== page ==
Poland is a predominately Catholic nation, so Christmas is celebrated on December 25, just like in the West. Christmas traditions are celebrated in both the family setting and publicly. With regards to the latter, visitors to Poland can see Christmas trees set up in town squares, like the Christmas tree in Warsaw. Christmas markets, like the Krakow Christmas Market attract visitors during the month of December and sell traditional foods, gifts, and souvenirs.
Advent in Poland
Advent begins four Sundays before Christmas and is a time of religious observances and prayer. Special church services mark this time.
Poland's Christmas Eve (Wigilia) and Christmas Day
In Poland, the traditional Christmas feast occurs on Christmas Eve, or Wigilia, a day that holds equal importance with Christmas Day. Before the table is set, straw or hay is placed under a white tablecloth. An extra place is set for any unexpected visitor, as a reminder that the Holy family was turned away from inns in Bethlehem and that those seeking shelter are welcome on this special night.
The traditional Polish Christmas meal consists of 12 dishes, one for each of the 12 apostles. These dishes are usually meatless, though this restriction does not exclude the preparation of fish. Typically, people watch for the first star to appear in the night sky before sitting down to eat. The breaking of symbolic wafers precedes the meal and everyone shares pieces of the broken wafers.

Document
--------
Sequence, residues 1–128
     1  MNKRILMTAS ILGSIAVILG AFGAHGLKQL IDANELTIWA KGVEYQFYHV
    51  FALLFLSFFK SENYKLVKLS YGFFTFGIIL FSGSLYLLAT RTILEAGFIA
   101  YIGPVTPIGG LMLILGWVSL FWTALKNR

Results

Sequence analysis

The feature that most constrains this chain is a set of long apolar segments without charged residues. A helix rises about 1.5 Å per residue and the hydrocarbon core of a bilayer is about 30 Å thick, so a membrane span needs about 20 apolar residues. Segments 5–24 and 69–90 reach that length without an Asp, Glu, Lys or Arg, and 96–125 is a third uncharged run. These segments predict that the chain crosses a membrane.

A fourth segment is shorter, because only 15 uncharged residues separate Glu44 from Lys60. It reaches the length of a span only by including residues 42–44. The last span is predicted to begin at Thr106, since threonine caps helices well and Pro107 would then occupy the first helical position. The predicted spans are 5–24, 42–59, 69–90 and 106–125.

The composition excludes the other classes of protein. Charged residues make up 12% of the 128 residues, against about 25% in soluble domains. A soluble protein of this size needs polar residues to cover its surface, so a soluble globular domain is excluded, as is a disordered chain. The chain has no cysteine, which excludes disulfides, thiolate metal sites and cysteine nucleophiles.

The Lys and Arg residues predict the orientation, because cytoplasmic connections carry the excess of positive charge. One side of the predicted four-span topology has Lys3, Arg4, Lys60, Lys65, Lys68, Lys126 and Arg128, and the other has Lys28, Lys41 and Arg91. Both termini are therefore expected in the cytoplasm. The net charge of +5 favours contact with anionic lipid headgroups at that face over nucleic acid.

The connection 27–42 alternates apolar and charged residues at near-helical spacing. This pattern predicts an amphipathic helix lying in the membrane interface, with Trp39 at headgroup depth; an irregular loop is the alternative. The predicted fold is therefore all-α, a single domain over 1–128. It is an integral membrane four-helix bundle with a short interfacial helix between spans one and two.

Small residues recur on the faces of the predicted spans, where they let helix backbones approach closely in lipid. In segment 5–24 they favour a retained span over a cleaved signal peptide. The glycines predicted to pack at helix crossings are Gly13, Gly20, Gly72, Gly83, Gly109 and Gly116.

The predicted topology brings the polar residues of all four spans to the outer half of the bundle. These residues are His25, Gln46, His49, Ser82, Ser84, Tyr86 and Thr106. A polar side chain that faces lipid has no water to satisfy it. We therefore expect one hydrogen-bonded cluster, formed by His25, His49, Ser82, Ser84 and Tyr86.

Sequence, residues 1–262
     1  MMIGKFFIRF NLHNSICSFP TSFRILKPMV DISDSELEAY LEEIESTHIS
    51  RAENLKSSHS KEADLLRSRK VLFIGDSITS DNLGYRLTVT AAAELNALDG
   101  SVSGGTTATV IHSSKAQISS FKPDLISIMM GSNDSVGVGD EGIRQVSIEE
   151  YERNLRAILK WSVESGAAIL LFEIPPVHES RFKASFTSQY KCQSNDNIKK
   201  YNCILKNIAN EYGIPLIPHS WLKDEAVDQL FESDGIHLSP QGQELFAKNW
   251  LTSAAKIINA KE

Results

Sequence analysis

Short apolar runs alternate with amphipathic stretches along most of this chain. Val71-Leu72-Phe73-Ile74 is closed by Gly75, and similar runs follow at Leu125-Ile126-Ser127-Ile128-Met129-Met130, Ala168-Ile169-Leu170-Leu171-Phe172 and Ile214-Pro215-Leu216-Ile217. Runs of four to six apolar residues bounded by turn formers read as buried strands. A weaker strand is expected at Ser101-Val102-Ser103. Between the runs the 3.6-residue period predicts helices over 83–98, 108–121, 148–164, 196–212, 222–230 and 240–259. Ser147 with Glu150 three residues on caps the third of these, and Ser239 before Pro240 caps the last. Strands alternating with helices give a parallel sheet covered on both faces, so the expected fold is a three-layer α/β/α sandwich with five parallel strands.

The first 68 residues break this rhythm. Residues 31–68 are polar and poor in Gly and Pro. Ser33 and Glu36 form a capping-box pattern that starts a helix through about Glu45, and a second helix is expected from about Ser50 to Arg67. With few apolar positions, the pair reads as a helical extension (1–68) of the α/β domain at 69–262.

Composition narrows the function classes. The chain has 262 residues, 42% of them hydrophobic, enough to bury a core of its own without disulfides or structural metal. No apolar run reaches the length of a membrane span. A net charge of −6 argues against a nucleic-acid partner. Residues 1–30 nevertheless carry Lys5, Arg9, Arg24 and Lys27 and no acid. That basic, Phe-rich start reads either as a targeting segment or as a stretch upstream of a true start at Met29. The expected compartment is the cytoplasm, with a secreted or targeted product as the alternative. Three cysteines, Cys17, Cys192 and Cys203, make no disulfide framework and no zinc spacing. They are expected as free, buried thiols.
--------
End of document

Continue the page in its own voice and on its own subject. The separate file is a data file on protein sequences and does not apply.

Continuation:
It is on this day that the Christmas tree is decorated. The Polish Christmas tree can be decorated with shapes cut from gingerbread, colored wafers, cookies, fruit, candy, straw ornaments, decorations made from eggshells, or commercially produced ornaments.
Midnight mass is a part of Poland's Christmas traditions.
On Christmas Day, Poles will eat a large meal, sometimes with a goose as the centerpiece.
The 26th of December, Boxing Day, is known as Holy Szczepan, or St. Stephen's Day. It continues the Christmas celebrations.Traditionally a day for consecrating grain crops, Holy Szczepan is now a day for church services, visiting with family, and possibly caroling.
Traditional Polish Christmas Beliefs and Superstitions
Certain beliefs and superstitions surround Christmastime in Poland, though these beliefs are often only observed for fun today. Animals are said to be able to speak on Christmas Eve. The straw placed under the tablecloth can be used for fortune telling. Old grudges are supposed to be forgiven during Christmas time in Poland. The first person to visit the house will predict future events – a man brings fortune, a woman, misfortune.
Santa Claus does not appear on Christmas Eve. The appearance of Santa Claus (Mikolaj) happens instead on December 6. The feast of St. Nicholas is a part of the Advent celebrations, which are an integral part of Polish Christmas traditions.
Christmas Markets in Poland
Poland's Christmas markets rival those of Western Europe, particularly the one in Krakow.
However, markets in other cities and towns throughout the country use their central squares and historic venues well to showcase holiday ornaments, gifts, and souvenirs. Some of the best Christmas gifts from Poland can be found during this time of year, when seasonal products and handicrafts fill vendors' stalls. Poland's diversity in folk art means that finding something special for a loved one, such a ceramics, amber jewelry, or wooden figurines, will be a matter of choosing from a wide selection.